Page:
curiosity or the satisfaction of clawing soft furnishing is
encouraging the cat to use that area you will need to give
it another outlet for its energies. Try playing with your
cat more often, little and often throughout the day, providing
toys which offer an outlet for its hunting abilities. If your
cat attacks the wallpaper, you can try changing the type of
paper you use (cats seem to prefer paper which has a raised
texture) or painting the area instead. Don't encourage the
cat by giving it attention when it is scratching.
scratching occurs at many sites it can be a form of marking
behaviour and a sign that the cat may be feeling insecure.
The solution will rely on identifying the cause of this stress
or insecurity. Possible causes are other cats coming into
the house, conflict between resident cats, changes within
the household, and fear of something outside. You may be able
to help your cat feel more confident by:
- Closing the
cat flap and letting the cat in and out yourself or fitting
a selective type which keeps strange cats out.
- Looking carefully
at relationships between cats - providing some resting places
high up to let the cat relax while still being able to watch
what is going on will improve security.
your cat's access within the house and concentrating on
making it feel secure in one or two rooms.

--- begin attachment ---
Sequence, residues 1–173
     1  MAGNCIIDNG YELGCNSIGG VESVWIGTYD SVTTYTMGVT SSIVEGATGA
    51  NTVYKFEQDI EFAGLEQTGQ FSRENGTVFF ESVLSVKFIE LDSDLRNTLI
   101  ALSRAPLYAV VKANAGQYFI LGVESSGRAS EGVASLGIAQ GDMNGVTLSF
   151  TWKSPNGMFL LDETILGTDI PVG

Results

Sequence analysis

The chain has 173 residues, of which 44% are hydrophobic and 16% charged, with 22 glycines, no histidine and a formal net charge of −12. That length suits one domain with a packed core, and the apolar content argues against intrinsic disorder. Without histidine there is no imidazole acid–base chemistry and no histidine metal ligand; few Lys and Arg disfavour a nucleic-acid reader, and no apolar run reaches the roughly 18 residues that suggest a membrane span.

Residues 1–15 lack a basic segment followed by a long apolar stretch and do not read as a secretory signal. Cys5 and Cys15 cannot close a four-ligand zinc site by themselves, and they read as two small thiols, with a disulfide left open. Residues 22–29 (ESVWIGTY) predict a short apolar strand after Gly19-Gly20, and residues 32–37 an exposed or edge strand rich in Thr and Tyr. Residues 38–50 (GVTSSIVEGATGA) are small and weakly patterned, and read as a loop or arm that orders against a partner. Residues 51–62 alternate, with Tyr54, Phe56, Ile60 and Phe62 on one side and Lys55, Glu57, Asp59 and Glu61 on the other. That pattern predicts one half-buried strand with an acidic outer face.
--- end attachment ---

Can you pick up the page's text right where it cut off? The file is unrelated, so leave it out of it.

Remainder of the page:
- Using your
cat's own scent to make it feel more secure. Cats use their
cheek glands to mark their territory and the presence of
these scents will make them feel relaxed. You can help spread
scent. Take a soft cloth and wipe it around the cat's face.
Dab the cloth around the room where you have seen your cat
rubbing and where it scratches. (There are also manufactured
scents available that work in the same way - ask your vet
- Never punish
the cat. This will make it feel even more insecure. You
should be viewed as a source of security by your cat, rather
than as an additional threat.
cats are likely to find any new challenge threatening. When
we re-decorate our homes or replace the furniture, we inadvertently
remove all the cat's scents, which have made it feel secure.
We then replace them with strong smelling carpets, suites,
paint, etc, which can be quite disturbing to a scent-orientated
cat. When re-decorating, it may be worth keeping the cat out
of the new room for a while until the new smells have mingled
with other familiar smells in the house and helping your cat
to replace its scent using the method given above.
the cat is using scratching as a form of marking its territory
then it will be attracted back to the spot to 'top-up' the
marks as the scent wears off. If this is an area where you
want to stop the cat scratching and the surface is cleanable,
then it can be useful to try and remove the smell as much
as possible. This can be done using a solution of a biological
washing powder and then scrubbing it with surgical spirit
(check this does not remove colour from fabrics). Keep the
cat away from the area until it is dry. Keeping the cat away
from the area for as long as possible will also be helpful
to break the habit and to let smells dissipate. You can then
dab some cheek scents on the area to help the cat feel relaxed.
Updated November 2008